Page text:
Night Shade books is a small press that used to have a reputation for talent-spotting, ensuring that their new authors would be read by the right people. However, poor management resulted in the Science Fiction Writers of America (SFWA) black-balling Night Shade. Prior to the scandal, publishing a debut novel with Night Shade may have been worthwhile even without being paid because it was an excellent means to launch a career. When Night Shade sold most of its list to non-fiction publishers Skyhorse and Start (Deahl 2013; Hurley 2013), affected authors were worried about the rights to their novels and the impact of their novels being owned by a publishing company ignorant of the genre.

For a time publishing with Night Shade did not count toward eligibility for membership of SFWA and may not have resulted in being read by the right people. SFWA appears to have deleted several posts and Writers Beware warnings about publishing with Night Shade so the present situation is ambiguous. Insider knowledge is essential to avoid a potentially disastrous career move. SFWA (2015) lists issues for consideration when investigating a small press publisher.


SFF is a commercially-successful genre with fans who treat their authors like rock stars. Diversity in novels and authors is currently trending, increasing potential for my novel. There is greater potential for success if my novel is published in the US, UK or Canada as long as it is not set in Australia. When choosing a publisher, opportunities must be weighed carefully against costs: a debut novel reaching the target market may be more important than being paid. However, the beginning of a series needs to be situated with long-term support or any career may suffer.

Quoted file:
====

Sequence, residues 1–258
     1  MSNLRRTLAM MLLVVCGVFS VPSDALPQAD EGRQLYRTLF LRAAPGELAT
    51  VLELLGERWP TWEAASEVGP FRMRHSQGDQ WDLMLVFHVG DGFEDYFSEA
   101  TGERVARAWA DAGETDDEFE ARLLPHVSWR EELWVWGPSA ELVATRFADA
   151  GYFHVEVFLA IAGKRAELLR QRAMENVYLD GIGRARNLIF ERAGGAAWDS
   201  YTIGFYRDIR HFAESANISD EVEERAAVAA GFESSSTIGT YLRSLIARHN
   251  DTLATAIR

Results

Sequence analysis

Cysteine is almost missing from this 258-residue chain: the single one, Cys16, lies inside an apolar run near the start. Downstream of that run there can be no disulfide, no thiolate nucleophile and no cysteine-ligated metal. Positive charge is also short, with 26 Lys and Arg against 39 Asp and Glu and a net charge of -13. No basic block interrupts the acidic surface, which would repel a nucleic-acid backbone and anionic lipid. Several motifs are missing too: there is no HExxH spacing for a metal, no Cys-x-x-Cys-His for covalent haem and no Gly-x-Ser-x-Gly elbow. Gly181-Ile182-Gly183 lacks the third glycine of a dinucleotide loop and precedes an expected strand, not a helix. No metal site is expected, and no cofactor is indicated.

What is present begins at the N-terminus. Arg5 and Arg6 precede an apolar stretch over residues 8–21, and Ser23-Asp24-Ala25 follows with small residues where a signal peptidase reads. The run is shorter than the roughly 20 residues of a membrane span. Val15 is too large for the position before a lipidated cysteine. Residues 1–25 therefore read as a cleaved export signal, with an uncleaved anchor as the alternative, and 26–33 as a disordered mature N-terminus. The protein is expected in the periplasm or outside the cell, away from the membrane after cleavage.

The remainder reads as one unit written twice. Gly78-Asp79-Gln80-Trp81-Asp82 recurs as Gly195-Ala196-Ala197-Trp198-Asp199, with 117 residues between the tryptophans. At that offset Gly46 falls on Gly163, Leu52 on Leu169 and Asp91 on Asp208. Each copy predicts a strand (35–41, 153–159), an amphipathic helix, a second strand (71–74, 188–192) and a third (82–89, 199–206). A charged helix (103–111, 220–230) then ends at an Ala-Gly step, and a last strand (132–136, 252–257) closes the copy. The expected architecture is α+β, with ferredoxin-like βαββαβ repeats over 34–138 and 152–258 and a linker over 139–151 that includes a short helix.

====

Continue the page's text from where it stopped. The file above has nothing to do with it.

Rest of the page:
Card, OS 1985, Ender’s Game, Hachette, Sydney.

Deahl, R 2013, Struggling Indie SF Press, Night Shade, Pushes Asset Sale, Publishers Weekly, viewed 18 Sept 2015, <http://www.publishersweekly.com/pw/by-topic/industry-news/publisher-news/article/56656-struggling-indie-sf-press-night-shade-pushes-asset-sale.html>.

Hughes, S 2015, Feeding the Hunger, The Guardian, viewed 16 Sept 2015, <http://www.theguardian.com/books/2015/apr/12/feeding-the-hunger-female-writers-are-storming-the-male-citadels-of-sci-fi>.

Hurley, K 2013, Deal/No Deal: Why I Am Considering the Skyhorse/Night Shade “Buyout”, Kameron Hurley, viewed 18 Sept 2015, <http://www.kameronhurley.com/dealno-deal-writers-arent-totally-stupid/>.

Locus Magazine 2015, Publishers, viewed 25 September 2015, <http://www.locusmag.com/Links/Publishers.html>.

Meyer, S 2008, The Host, Hachette, Sydney.

Momentum 2015, Submissions, Momentum, viewed 18 September 2015, <http://momentumbooks.com.au/submissions/>.

Mundell, M 2011, Black Glass, Scribe Publishing, Melbourne.

Norton, E 2015, ‘A genre takes flight: Sf/fantasy is enjoying a pop culture moment’, Library Journal, 13, p. 22, Literature Resource Center, EBSCOhost, viewed 30 August 2015.

Obeso, D 2013, The Art of the Future, Publishers Weekly, vol. 260, no. 38, pp. 40-44.

SFWA 2015, Small Presses, SFWA, viewed 18 September 2015, <http://www.sfwa.org/other-resources/for-authors/writer-beware/small/>.

San Diego Comic-con 2015, About, San Diego Comic-Con, viewed 16 Sept 2015, <http://www.comic-con.org/about>.

Westerfeld, S; Lanagan, M; Biancotti, D 2015 Zeroes, Allen and Unwin, Melbourne.

Wikipedia 2015, List of Worldcons, Wikipedia, viewed 16 September 2015, <https://en.wikipedia.org/wiki/List_of_Worldcons>.

Wikipedia 2015, Terry Pratchett, Wikipedia, viewed 18 September 2015, <https://en.wikipedia.org/wiki/Terry_Pratchett>.

Nalini is an award-winning writer and artist as well as managing editor of Dark Matter Zine.